For whatever reason, I chose the story of Joseph. I had forgotten that it goes on for a number of chapters, but that’ s just as well. Maybe I can stretch it out until the Advent season. I wasn’t sure what to do with the bit about Potiphar’s wife looking at Joseph “lustfully” and trying to seduce him, not knowing what sort of questions would arise out of that episode. Luke and Olivia were oblivious and Madeline just took it in stride.  I explained and editorialized the text more than I probably should have. It’s easy to worry too much about what our children hear, but if I believe these words are somehow divine, should I censor them or should I just let them go? Did the Isrealites censor their stories for their children? Who knows.

I have a very low-church upbringing, but the other day I taught the kids about concluding the reading of a passage of scripture with “The word of the Lord” and the appropriate response. That night Madeline suggested that she could read a Psalm every night with the Bible story.  So tonight I read about Joseph’s interpretation of Pharaoh’s dreams and then Madeline read Psalm 1.  She did very well.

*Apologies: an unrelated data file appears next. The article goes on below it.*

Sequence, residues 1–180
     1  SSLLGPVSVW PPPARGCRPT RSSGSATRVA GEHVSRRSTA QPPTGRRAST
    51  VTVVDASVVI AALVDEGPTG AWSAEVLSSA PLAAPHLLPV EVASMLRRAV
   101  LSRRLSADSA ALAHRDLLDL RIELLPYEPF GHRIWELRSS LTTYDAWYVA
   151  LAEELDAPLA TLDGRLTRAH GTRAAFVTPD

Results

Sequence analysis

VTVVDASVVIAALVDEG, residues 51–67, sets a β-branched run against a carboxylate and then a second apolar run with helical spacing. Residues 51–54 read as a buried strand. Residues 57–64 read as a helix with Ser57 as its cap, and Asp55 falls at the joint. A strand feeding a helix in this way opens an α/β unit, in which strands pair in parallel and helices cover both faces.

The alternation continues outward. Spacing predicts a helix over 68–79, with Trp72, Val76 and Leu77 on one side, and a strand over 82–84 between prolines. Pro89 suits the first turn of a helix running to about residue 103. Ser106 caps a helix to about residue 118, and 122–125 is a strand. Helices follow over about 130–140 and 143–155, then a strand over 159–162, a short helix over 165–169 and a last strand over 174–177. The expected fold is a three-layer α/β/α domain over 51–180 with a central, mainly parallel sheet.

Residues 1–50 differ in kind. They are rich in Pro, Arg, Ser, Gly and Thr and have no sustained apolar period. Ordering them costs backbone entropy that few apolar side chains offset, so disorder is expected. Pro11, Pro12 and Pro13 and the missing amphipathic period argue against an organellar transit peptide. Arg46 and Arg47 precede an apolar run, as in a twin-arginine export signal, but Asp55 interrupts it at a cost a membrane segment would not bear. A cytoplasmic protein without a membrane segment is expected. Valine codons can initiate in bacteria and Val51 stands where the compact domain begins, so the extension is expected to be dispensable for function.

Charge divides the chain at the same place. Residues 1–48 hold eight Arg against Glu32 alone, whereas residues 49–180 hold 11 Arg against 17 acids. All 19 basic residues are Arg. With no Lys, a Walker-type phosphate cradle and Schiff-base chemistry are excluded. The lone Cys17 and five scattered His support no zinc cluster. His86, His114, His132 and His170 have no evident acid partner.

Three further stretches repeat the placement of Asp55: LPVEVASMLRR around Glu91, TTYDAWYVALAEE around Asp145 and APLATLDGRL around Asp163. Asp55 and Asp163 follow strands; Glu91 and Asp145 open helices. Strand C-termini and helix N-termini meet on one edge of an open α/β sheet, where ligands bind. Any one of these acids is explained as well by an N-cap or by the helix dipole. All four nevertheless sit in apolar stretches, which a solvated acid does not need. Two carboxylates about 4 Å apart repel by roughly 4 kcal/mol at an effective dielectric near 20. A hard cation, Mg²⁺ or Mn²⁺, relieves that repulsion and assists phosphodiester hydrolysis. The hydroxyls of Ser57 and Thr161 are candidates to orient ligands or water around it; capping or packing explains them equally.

When she finished reading, I said, “The word of the Lord.”

And Madeline said, “Ummm…Thanks be to God!”

And that just warms the cockles of my heart.

Social commentary

I received in the mail today a book entitled The Culture of Fear.  Its subtitle is, “Why Americans are Afraid of the Wrong Things,” and its sub-subtitle (following the colon after the subtitle), “Crime, Drugs, Minorities, Teen Moms, Killer Kids, Mutant Microbes, Plan Crashes, Road Rage, & So Much More”.  A veritable mouthful.

The book has been on my wishlist for some time now, but with all the craziness and confusion surrounding H1N1.*  I thought it would be a good time to read the book (over Christmas hopefully).

This book belongs in the category of sociology, which is becoming a bit of a hobby interest of mine, in terms of reading.  “Social commentary” might be a better term; it sounds less clinical and academic. Or maybe “Cultural Studies”. But I digress.